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Boris Berian charged through qualifying heats to take second in the final.

In the women’s steeplechase, New Balance athlete Emma Coburn (second from right) maintained her unofficial title of queen of the steeplechase. Stephanie Garcia (hip #6, far right) made a valiant effort but struggled out of the last water jump and tripped and fell over the final hurdle. She came in fifth.

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A great women’s steeplechase

My husband and I had a chance to talk with her a few days later, and she’s trying to be positive about the experience. She’s tough, and I hope she’ll be back again in four years.

Brenda Martinez is another tough competitor. A favorite in the women’s 800, she got tangled up with another runner and did not make the team in that event. She came back a few days later, though, determined to finish top three in the 1500.

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Brenda Martinez

The crowd roared as she moved her way up to make the team. She dove at the finish line to just barely hold on to third place.

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Martinez (second from left) moved up to make the team in the women’s 1500.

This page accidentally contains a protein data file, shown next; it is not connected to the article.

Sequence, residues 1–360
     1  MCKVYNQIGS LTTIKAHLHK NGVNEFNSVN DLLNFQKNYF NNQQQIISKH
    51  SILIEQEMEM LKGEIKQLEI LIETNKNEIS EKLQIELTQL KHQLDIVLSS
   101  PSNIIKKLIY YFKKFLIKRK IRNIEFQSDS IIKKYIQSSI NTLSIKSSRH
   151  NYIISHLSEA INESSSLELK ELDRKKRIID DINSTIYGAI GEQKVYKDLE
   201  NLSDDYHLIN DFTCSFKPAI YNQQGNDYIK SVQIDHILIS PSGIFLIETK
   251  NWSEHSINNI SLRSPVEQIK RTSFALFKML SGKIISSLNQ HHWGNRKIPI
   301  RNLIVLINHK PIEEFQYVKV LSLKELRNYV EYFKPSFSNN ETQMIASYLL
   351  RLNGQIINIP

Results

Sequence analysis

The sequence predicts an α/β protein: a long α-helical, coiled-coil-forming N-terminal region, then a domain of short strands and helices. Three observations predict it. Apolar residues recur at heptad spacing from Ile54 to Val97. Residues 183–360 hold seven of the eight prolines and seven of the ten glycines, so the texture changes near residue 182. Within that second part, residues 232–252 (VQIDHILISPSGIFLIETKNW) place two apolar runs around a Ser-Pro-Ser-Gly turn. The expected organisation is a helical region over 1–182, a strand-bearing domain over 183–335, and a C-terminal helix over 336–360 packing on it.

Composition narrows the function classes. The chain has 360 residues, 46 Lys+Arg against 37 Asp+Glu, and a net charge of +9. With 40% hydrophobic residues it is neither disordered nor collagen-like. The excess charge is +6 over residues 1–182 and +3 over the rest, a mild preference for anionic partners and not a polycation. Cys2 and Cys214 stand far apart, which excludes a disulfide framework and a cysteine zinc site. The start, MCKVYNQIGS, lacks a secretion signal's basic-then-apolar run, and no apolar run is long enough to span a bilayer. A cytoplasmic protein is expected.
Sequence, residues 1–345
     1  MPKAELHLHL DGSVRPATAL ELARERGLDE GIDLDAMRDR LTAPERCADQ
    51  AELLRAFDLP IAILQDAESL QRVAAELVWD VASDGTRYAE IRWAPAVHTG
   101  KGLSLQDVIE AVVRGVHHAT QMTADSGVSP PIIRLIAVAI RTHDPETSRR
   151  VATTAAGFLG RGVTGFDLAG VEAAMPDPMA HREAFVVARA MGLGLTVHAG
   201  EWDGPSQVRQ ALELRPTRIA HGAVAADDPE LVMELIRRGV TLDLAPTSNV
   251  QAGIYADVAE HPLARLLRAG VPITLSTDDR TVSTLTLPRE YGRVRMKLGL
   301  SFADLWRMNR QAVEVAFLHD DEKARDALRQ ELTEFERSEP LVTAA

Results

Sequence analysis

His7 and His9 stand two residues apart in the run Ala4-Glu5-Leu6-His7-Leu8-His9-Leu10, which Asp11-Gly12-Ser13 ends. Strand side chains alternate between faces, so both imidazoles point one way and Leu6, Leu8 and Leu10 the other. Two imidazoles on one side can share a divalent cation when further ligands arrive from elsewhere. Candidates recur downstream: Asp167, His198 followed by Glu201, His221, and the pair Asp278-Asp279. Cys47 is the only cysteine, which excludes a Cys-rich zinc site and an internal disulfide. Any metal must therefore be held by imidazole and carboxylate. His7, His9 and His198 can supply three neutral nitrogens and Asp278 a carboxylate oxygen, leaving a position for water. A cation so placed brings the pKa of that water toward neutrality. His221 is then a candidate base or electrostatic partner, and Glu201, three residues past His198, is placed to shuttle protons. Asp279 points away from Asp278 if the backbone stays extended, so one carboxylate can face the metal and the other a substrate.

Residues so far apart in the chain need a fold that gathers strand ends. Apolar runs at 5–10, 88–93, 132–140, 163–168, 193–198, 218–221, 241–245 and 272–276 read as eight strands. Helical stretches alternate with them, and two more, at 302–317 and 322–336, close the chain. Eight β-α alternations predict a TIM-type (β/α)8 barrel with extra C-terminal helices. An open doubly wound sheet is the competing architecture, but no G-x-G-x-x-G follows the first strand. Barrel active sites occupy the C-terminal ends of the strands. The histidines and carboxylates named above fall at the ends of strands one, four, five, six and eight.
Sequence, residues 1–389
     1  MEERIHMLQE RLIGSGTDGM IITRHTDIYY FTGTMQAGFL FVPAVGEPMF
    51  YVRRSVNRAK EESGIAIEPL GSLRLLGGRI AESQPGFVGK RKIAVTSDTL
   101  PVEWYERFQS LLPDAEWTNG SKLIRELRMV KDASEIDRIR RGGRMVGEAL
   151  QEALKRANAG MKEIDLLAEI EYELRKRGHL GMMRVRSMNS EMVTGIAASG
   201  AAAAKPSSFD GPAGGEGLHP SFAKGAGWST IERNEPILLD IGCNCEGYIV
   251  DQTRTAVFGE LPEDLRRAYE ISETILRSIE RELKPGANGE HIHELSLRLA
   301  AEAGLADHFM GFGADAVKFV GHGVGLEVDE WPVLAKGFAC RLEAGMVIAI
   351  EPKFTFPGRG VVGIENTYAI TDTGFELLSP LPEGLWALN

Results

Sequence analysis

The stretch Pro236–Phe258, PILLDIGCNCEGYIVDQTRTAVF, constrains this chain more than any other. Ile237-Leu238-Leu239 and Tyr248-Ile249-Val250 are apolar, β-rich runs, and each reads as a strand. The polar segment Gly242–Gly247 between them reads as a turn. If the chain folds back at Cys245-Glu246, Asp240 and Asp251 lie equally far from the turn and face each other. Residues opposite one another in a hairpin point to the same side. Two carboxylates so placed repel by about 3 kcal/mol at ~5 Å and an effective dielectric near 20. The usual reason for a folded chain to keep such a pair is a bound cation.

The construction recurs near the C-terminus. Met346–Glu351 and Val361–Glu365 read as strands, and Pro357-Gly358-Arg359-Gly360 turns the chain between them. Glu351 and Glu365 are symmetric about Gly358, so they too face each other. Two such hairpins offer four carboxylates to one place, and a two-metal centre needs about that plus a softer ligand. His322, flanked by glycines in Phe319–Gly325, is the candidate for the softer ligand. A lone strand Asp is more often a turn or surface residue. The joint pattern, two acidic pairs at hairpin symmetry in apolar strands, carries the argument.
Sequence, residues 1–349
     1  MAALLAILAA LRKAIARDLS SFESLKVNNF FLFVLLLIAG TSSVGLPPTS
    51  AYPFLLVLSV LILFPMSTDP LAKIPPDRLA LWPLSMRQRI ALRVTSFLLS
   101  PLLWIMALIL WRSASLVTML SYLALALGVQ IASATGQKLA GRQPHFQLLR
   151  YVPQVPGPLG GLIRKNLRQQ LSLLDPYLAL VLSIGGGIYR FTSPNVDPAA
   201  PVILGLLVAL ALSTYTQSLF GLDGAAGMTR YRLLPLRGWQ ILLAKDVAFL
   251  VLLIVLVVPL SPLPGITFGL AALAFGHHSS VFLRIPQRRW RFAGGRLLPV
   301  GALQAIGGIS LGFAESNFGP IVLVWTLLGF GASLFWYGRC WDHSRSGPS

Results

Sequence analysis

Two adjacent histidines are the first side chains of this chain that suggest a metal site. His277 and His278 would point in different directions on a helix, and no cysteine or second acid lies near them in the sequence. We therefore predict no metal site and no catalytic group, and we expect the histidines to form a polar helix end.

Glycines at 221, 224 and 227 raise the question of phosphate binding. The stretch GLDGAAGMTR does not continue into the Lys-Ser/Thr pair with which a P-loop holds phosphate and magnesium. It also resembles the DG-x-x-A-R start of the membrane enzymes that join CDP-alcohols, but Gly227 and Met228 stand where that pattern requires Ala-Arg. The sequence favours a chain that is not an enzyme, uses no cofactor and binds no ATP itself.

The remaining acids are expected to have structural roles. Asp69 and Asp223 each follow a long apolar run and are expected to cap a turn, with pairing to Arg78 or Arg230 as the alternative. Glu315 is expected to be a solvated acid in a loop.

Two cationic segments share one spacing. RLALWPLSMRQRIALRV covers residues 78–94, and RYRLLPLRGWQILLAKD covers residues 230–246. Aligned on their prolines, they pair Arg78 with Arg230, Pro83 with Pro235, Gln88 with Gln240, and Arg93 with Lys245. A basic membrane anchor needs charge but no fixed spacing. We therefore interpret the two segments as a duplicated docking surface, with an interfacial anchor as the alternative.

Martinez’s victory lap with race winner Jenny Simpson (another favorite of mine) was a highlight for me (for them, too, I’m sure).

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Training partners Boris Berian (white tee) and Brenda Martinez, thrilled to both be on Team USA

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For Jenny Simpson, going to the Olympics never gets old (this will be her third Olympics).

The trials felt roller-coastery for me because one race would finish with me feeling elated, and the next would leave me disappointed.

Aries Merritt had a kidney transplant last September and was ready to compete again here.

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Aries Merritt (lane 1) runs the hurdles as triple jump winner Christian Taylor watches from the field.

His doctors were hoping he’d skip the Olympics because of fears for his health and extra risks if exposed to the Zika virus. He missed making the team by one one-hundredth of a second. (I have to believe that hundredth of a second is God’s way of protecting him.)

Another heartbreaking race (for me anyway) was the men’s 1500 meters. For years, I’ve been a fan of Leo Manzano. My husband and I were thrilled to meet him at last year’s championships, and he seems like a genuinely nice guy.

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Leo Manzano, running with the heart of a lion

Our 1500 men’s team is talented, but just as I’ll miss Reese Hoffa in shot put, the 1500 won’t be the same without Leo.